With a career in agritech running from the pre-internet dark ages to these halcyon days of high-speed connectivity, AI and machine learning, Andrew Cooke admits he risks falling into the “grumpy old man” demographic after witnessing such rapid advances in tech development.
But the reality is far from that. Cooke is better categorised as a collaborative pioneer in agritech software, one who is relishing the next step in his career, which comes in part due to the recent acquisition of Hamilton based agri-software development company Rezare by UK tech company Map of Ag.
Cooke has for many years been the industry’s quiet collaborator, recognising very early on that agritech was not going to advance far with every company thinking they had the “silver bullet” solution to whatever problem they thought farmers needed solving.
Back in 2012 he was instrumental in establishing a world first by having New Zealand lay out the terms for an agricultural data code of practice, protecting how farmers’ information was going to be shared, and by who.
Cooke acknowledges the way forward was to work on being on good terms with as many parties as possible, at a time when many were liable to hold whatever IP tech they had very close to their corporate chest.
He concedes that on one level the farm data code of practice was not as successful as he may have envisaged, with very few companies signing up to be accredited to the code.
“But on another level, it was highly successful in a way we did not expect. While few companies got accredited, just about every company went and changed their terms and conditions around data use, for farmers’ benefit.
“A bunch of projects also happened internationally, and the NZ code helped shape the equivalent codes around the world.”
Greater global uniformity in software configuration, data sharing and interoperability are all testament to Cooke’s ability to get on with most people and get them on side for collaborative projects.
These efforts have also been recognised at an international level, with Cooke also recently receiving the award for outstanding contribution at the International Committee of Animal Recording (ICAR) meeting in Montreal.
The globally influential work he has overseen with Rezare includes ICAR’s animal data exchange system. The project worked across the hemispheres to establish an open-source software platform that is free to use and can be utilised by agritech developers.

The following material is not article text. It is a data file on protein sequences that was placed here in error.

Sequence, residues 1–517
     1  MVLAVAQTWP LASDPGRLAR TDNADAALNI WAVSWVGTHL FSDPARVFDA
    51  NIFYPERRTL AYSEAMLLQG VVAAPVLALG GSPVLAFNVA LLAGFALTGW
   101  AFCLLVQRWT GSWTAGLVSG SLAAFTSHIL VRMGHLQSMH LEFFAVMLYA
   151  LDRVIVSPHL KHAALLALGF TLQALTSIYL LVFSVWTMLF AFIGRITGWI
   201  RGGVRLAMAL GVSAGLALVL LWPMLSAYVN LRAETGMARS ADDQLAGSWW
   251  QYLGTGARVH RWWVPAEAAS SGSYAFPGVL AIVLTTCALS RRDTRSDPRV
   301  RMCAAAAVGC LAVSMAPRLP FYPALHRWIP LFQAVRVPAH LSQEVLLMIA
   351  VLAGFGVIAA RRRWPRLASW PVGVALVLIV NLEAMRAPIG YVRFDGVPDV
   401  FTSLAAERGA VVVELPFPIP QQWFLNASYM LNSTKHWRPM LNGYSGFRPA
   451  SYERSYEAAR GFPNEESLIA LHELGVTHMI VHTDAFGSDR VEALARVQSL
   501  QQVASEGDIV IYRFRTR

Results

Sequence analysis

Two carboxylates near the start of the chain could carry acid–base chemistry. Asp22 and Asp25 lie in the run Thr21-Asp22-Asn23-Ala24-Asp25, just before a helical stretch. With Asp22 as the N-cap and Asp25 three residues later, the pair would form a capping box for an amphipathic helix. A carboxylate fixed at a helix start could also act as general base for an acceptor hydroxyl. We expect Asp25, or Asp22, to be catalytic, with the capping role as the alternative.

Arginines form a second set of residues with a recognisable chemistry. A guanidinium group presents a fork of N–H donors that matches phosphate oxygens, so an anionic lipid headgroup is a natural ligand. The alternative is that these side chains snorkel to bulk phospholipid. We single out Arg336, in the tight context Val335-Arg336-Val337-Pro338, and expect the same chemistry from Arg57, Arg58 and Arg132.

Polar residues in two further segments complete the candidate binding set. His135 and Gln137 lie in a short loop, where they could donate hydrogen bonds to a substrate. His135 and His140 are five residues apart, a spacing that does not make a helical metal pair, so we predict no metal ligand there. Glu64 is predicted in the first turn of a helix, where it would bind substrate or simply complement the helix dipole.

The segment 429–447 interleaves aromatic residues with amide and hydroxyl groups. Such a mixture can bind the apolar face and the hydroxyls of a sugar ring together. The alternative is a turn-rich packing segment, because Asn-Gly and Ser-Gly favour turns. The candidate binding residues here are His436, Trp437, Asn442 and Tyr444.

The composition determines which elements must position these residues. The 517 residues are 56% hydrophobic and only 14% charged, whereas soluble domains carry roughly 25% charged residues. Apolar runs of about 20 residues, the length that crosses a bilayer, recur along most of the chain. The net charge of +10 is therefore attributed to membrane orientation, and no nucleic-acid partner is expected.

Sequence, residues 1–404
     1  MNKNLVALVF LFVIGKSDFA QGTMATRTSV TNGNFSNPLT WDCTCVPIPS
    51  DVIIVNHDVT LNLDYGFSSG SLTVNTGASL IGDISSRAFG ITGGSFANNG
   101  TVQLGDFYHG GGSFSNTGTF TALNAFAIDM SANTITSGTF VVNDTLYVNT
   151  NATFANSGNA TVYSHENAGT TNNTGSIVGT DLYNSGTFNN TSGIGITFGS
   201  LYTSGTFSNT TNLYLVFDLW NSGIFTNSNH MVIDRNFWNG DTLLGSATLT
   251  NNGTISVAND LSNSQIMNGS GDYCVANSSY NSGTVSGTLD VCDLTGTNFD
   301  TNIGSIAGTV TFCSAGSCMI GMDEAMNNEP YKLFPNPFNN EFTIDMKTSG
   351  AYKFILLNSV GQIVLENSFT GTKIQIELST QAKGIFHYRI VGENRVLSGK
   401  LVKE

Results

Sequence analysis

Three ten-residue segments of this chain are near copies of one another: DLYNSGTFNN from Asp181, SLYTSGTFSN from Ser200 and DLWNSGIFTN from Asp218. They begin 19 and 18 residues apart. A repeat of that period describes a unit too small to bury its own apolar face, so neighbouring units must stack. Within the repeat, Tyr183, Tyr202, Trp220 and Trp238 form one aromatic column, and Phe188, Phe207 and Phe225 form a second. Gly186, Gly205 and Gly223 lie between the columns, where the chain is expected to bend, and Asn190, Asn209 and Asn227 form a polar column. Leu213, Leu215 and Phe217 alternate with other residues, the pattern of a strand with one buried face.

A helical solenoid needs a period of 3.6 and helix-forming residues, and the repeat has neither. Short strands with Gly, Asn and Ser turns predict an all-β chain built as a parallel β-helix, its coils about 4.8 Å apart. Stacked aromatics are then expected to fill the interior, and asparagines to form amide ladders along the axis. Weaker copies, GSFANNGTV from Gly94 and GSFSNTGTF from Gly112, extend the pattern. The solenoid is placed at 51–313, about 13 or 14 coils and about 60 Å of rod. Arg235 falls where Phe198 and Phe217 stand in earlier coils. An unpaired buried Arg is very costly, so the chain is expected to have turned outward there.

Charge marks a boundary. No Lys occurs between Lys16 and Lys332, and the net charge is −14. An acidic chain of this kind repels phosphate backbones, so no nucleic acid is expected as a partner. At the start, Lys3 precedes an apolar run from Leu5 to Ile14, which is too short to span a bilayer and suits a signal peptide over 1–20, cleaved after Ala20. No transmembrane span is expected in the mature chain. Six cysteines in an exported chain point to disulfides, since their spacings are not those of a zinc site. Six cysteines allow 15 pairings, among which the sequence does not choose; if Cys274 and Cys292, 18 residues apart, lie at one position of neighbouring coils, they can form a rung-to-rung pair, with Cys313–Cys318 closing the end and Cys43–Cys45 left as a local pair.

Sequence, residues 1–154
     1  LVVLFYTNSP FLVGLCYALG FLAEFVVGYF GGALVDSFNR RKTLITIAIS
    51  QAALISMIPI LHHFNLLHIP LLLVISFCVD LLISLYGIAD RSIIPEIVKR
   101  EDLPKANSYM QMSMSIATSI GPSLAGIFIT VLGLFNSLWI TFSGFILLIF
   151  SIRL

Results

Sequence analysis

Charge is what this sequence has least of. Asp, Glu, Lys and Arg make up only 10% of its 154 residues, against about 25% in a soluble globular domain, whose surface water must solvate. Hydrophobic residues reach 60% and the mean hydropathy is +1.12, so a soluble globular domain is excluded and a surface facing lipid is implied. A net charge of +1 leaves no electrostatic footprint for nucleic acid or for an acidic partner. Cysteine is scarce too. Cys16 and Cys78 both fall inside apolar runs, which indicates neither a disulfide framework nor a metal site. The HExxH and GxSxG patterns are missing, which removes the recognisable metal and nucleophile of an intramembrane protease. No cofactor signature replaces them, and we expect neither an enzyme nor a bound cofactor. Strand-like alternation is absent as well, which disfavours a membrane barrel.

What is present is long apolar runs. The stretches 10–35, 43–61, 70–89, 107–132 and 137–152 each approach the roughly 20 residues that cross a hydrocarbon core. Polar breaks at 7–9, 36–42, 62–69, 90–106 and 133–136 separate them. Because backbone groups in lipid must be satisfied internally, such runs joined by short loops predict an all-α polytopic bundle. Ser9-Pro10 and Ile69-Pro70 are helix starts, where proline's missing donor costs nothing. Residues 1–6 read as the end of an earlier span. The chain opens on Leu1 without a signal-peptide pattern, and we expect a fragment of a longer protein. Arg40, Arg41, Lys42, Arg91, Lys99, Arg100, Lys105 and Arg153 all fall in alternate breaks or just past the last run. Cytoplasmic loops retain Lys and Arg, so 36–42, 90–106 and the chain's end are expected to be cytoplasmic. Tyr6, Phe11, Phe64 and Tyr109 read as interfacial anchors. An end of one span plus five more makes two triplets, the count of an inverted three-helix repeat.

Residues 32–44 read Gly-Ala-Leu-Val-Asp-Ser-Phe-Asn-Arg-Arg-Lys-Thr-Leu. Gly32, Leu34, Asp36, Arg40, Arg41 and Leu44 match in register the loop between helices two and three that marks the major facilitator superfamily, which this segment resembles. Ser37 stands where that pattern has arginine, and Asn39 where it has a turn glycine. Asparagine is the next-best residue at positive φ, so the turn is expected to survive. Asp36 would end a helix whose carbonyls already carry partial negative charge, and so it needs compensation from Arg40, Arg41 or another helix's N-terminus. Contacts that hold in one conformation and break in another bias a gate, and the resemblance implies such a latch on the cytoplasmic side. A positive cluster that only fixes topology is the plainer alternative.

It is already in use by robotic milking machine and farm software vendors, data exchanges and milk recording organisations, and supports a wide range of livestock from dairy cows right through to milking buffalo and deer.
It is largely thanks to Cooke’s efforts like this that the agritech holy grail of interoperability has become a lot closer between systems and developers.
Here at home, another backroom application few farmers will know about but enjoy the benefit of has been the development of DataLinker. The software framework was developed to help agri-companies share data effectively and eliminate farmers’ pet hate, the need to enter data twice.
The other recent release in NZ has been VelTrak, a supply chain software system developed to track NZ velvet’s movements from farm to final retail destination, guaranteeing supply chain transparency.
Cooke says the acquisition of Rezare by Map of Ag came about with the UK company recognising Rezare’s strong talent pool, one that comprises 40 developers and software programmers in Hamilton who are plugged into agriculture.
“And Map of Ag is about enabling data to be used by companies, advisors and software specialists. It is a good fit with Rezare’s capacity to power up their aspirations,” says Cooke.
He says the move makes Rezare a significant player internationally, and all the challenges being faced right now are positive ones relating to a strong growth phase that includes some high-profile international food-producing and -retailing customers.
Cooke says every country likes the idea they are agritech leaders, and his greater global reach has bought him into contact with players as far afield as Finland and Norway, both of which offer great developments.
He sees NZ “absolutely” holding its own in the competitive sphere.
One major challenge, however, remains maintaining a flow of good talent through our respected tertiary institutions, rather than relying upon immigration to address any talent shortage.